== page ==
"We like camping better!" --Raymond Alexander Kukkee

view of the north shore Critter Pond, KOA Canandaigua NY [c] 2009 jcb

Back to Old Forge: We ride the Adirondack Scenic Railroad from Utica to Thendara Station

by Jim Bessey  editor 
I promised pictures of the gorgeous Adirondack scenery. What better way to get them than to ride thirty miles of railway into the mountains?
Our Scenic Train arrives at Thendara Station, the Adirondacks
UTICA, NY October 2:  We knew we had to return to Old Forge after we discovered Thendara Station during our first driving tour of the central Adirondacks two weeks ago. This time, we knew the best way to come back was by train. A week ago, with the leaves barely turned and temps in the seventies, we booked our 30-mile excursion from Utica to Old Forge. Because he'd always wanted to take a fall train, we invited my dad, too.

Between then and now, the weather turned chilly and wet; and the leaves turned from green to yellows and reds, with many trees already baring their branches. We drove 120 miles from home to the stunning Utica Station under dripping pre-dawn gray skies. Our tickets and train were waiting there, along with over 200 other tour members!

All Aboard!
View from the train, as the conductor flips the switch
By accident, we chose our seats in the perfect car, located between the open-door baggage car behind the locomotive and the essential Club Car (hot coffee!). Our hosts, all volunteers, handled the large crowd with big smiles, jokes, and helpful advice. Not one of these dedicated railroad lovers grumbled or frowned when the trip began with minor problems and a departure delay.

"...found ourselves surrounded by wooded valleys and peaks covered in a splendid array of colors"

When our seven-car train was finally underway, the staff served up drinks and donuts to a very long line of sleepy-eyed travelers, handed out mile-point highlight sheets, and offered additional commentary in person and over the audio system. The excursion's tracks are old and maintained on a tight budget. More than once, our train slowed to a walking pace for safety. Once, we screeched to a gritty halt because a man and his dog were too close to the tracks!
View from a trestle, an Adirondack river (the Black?)
All the while, the view from our windows evolved from interesting to spectacular as we climbed more than 1200 feet into the Adirondack Park. We crossed the Thruway, Mohawk River, then the Black River and found ourselves surrounded by wooded valleys and peaks covered in a splendid array of colors. We snapped hasty pictures of creeks and ponds, and of the rivers we crossed by trestle. The on-and-off rain didn't bother us a bit.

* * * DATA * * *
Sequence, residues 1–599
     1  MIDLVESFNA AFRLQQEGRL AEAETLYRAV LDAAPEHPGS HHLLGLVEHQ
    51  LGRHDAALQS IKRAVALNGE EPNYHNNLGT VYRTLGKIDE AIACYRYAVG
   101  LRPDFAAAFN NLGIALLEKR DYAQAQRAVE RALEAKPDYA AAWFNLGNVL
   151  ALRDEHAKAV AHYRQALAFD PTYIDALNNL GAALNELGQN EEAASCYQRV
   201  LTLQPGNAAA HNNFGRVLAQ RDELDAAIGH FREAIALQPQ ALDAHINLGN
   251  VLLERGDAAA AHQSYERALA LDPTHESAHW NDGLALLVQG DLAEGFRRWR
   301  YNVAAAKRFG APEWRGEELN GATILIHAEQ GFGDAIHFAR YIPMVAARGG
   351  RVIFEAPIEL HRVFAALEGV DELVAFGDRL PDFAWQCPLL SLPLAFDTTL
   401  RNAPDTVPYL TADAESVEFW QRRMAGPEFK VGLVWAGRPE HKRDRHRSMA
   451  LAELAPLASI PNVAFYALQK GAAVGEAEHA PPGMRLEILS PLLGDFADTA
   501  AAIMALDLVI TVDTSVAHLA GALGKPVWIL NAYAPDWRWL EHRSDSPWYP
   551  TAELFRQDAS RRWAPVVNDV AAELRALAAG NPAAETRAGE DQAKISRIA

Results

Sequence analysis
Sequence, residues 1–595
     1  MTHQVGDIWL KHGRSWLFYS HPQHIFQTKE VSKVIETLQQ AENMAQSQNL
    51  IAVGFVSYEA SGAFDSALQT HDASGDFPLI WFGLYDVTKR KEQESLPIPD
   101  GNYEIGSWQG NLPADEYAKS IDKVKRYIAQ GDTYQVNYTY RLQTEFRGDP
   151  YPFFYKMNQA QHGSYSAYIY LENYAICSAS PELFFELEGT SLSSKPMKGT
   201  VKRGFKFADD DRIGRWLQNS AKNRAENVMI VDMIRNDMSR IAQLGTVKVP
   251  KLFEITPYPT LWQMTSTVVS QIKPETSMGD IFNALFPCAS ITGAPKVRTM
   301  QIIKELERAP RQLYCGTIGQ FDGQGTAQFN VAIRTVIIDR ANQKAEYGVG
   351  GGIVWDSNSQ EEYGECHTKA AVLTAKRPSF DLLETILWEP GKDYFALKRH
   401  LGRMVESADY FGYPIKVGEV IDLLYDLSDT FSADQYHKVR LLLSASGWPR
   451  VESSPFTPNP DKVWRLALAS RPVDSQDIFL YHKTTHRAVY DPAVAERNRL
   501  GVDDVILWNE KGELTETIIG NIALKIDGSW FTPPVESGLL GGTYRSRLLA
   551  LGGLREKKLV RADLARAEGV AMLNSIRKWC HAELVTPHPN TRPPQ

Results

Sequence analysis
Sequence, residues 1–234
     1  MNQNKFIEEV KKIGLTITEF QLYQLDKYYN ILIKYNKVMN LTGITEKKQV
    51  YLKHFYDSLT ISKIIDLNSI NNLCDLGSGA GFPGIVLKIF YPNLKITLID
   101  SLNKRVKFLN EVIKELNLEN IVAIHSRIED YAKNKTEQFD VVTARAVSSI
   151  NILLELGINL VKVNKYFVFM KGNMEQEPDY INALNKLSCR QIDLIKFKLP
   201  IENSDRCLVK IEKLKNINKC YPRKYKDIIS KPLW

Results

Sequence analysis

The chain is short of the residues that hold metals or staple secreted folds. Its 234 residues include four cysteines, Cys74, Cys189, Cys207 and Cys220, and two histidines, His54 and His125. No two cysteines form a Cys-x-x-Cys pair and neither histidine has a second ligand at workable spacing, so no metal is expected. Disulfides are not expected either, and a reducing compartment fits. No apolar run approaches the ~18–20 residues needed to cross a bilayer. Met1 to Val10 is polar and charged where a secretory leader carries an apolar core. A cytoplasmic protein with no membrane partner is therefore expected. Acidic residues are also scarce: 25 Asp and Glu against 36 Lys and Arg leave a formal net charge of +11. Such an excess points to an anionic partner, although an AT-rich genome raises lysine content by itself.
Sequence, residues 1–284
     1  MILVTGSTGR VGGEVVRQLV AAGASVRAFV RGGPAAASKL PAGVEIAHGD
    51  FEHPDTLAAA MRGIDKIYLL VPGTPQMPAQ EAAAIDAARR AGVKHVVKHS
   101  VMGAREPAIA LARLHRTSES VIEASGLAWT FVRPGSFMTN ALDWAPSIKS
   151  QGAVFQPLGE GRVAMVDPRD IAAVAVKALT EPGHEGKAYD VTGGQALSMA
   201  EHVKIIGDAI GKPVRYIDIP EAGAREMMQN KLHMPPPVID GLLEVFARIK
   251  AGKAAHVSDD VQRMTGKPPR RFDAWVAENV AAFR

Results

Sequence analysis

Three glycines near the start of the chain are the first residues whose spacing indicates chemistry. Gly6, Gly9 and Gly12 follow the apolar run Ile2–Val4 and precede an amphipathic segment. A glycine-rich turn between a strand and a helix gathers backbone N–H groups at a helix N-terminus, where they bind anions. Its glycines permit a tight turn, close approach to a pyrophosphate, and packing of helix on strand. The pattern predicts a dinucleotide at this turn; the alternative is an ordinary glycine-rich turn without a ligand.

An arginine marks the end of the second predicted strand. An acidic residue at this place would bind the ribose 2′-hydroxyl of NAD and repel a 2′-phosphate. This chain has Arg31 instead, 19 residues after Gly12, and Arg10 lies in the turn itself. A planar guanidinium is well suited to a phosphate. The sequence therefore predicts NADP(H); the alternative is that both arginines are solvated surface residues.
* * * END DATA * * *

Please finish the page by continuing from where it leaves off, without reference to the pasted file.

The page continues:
Another beautiful Adirondack river scene along the way.
Destination: Thendara Station
The Inn at Thendara Station. Our buses lined up here.
We finally arrived at Thendara Station just a few minutes behind schedule. Lin and I had been there before, so it all felt warmly familiar. School buses lined up in front of the big white inn, ready to whisk over 100 of our group away to catch the lake cruise (sold out) that was part of their package. Dad, Lin and I stood in the cold drizzle by the station while the crowd sorted itself out, waiting for the buses to return for us.

The Station was big and warm, filled with railroad memorabilia and souvenirs -- and the nice, new restrooms that brought us here the first time, two weeks back. We took a few minutes to warm up, then trooped out to board the bus to Old Forge, just a mile down the road. We had thought about riding the chairlift for the amazing views, but the weather was too foul. Otherwise, food was on our minds, and we had two recommendations from the staff.
Our train enters Thendara to reload for the return trip
And now for our tour of Old Forge:

Old Forge was filled with rain-soaked tourists (too wet, in fact, for taking pictures by then). We headed down the sidewalk looking for either of the recommended places. One was closed; the other was packed. We walked some more, then went back to Walt's Diner, the one with the long line. Turns out the wait was worth it. After a great lunch, we did the tourist thing, starting with a wonderful candy shop nearby.

With time running out on our Old Forge layover, we dropped in on some of the other notable tourist spots -- the giant hardware store/emporium, a lovely interiors shop full of mountain furniture and "butler bears" (we want one!). We checked a couple of souvenir shops and found what we expected. We settled for delicious candy and our full bellies.